Donald Brosnac’s 1975 interview with Bud Rowe of Rowe Industries.

Last updated November 13, 2021.

Donald Brosnac, as part of his research for his very informative book ‘The Electric Guitar, its History and Construction’ (Published in 1975 by Panjandrum Press, California, ISBN 0-915572–00-1), interviewed Bud Rowe, of Rowe Industries.  The following is the text of that interview:

1. From the chapter ‘The Origin Of The Electric Guitar’:

‘The Rowe Company has patented a system of bonding threads to pole magnets which in turn are screwed into a plastic bobbin on which the copper wire is wound.  This allows one to set adjust a magnet up or down to set pick-up strength of each string.  The Rowe Company made a demonstration model that had a separate pick-up for each string and each of these was fed to a separate amp channel so that each could be precisely controlled.’  The pole-pieces referred to here were fitted in the Model 210 pickup, the ‘Black Tee’ versions of the Fender Coronado guitar pickup, some Micro-frets and Standel guitars.

2. From the chapter ‘Historically Significant Guitars’:

A Guild Artist Award blonde archtop guitar, dated approx. 1955, is also shown in this book, with the following text:

‘In regard to the electric guitar’s history, the instrument shown here is of vital importance.  It is like one of the first electric guitars made, the guitar that used the first pickup made in 1932 by Mr. DeArmond and Mr. Rowe’.  This comment refers to the pickup Model FH, which makes sense, as the amplification of archtop guitars as used in many orchestras at that time was where demand lay.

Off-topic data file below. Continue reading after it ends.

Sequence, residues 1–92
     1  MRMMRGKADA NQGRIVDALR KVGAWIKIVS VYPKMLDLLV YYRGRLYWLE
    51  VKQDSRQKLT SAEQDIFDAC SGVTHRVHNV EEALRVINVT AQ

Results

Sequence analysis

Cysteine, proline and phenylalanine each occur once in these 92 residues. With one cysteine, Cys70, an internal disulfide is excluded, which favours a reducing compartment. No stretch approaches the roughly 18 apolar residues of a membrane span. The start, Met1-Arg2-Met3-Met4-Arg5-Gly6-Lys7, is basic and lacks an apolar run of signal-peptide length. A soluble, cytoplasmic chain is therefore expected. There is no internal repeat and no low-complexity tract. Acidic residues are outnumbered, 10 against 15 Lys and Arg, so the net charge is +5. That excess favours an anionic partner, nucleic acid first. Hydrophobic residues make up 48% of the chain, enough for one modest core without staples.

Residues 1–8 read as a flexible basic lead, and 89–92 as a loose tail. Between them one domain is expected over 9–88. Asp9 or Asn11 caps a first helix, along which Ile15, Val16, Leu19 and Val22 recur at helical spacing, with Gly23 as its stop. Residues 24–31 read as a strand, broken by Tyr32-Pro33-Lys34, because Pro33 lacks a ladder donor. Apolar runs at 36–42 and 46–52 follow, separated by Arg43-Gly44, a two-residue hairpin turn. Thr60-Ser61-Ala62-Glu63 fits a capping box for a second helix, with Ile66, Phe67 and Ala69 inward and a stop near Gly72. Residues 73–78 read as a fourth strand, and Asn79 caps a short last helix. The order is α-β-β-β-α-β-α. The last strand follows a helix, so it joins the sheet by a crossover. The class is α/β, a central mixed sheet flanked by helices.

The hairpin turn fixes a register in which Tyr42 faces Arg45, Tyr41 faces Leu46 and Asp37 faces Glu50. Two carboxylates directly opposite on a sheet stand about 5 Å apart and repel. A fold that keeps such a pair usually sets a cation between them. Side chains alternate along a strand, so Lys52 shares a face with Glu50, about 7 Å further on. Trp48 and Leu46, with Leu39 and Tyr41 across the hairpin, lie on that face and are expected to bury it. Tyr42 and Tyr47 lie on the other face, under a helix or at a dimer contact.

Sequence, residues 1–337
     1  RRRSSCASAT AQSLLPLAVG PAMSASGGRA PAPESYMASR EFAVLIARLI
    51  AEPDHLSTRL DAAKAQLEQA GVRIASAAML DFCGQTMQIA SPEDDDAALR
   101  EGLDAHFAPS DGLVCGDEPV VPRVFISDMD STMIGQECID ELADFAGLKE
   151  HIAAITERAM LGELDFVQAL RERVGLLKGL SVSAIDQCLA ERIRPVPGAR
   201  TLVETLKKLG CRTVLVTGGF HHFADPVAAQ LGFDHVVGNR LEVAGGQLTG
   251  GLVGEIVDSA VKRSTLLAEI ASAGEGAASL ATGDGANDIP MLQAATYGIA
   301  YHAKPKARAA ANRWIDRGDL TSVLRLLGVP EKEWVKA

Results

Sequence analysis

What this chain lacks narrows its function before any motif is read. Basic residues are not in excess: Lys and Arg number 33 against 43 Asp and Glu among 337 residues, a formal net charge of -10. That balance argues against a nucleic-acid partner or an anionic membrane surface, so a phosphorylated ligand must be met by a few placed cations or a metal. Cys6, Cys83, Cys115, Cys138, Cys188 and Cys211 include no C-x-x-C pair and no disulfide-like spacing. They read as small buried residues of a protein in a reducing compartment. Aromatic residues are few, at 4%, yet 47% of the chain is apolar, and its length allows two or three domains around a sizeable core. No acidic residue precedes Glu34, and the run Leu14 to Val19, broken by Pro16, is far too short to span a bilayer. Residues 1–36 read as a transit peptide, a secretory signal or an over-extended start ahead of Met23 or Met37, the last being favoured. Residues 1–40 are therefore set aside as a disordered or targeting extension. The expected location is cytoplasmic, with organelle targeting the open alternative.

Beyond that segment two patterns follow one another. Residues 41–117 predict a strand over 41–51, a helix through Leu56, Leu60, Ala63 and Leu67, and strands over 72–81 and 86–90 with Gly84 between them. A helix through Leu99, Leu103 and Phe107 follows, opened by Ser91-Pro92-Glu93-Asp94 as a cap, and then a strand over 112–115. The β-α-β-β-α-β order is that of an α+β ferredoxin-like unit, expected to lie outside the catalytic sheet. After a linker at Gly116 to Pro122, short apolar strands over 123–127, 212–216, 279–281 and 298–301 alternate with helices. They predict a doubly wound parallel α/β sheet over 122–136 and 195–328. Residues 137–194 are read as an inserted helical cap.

3. From the Chapter ‘Electric Guitar Pickups’:

‘The Rowe Company makes many types of pick-ups, in fact more than 24 different models.  Most of Rowe’s are similar to Fenders, but they do have some refinements and the Rowe is much older than Fender.  The pickup shown is a Model RHC-B.  I have used and abused it for years.  It seems indestructible.  I have had to resolder wires I have torn over the years, however.  The magnet for the second string is  recessed from the top to give a more even string response.  On Model 210 the magnets have aluminium threads bonded to them.  These magnets can be adjusted in height to the strings by screwing in or out of a plastic plastic bobbin that the copper coil is wound around.  This (referring to a photo of a Model 2000/Dynasonic variant in the book, installed in a CF Martin guitar) is the bottom of the Rowe pickup for the D-28E.  Note the screw-adjusted grippers holding the magnets.  The Rowe Company also makes pick-ups for ukes, violins, autoharps, pianos and more.  They now make a humbucking pick-up that can be attached to an acoustic guitar.’  This last sentence refers to the Model 220 pickup and shows a photo of the first version of that pickup, secured with a collet.

Donald Brosnac’s book is a mine of information on the history and construction of guitars and pickups, including instructions on how to build and repair your own instrument.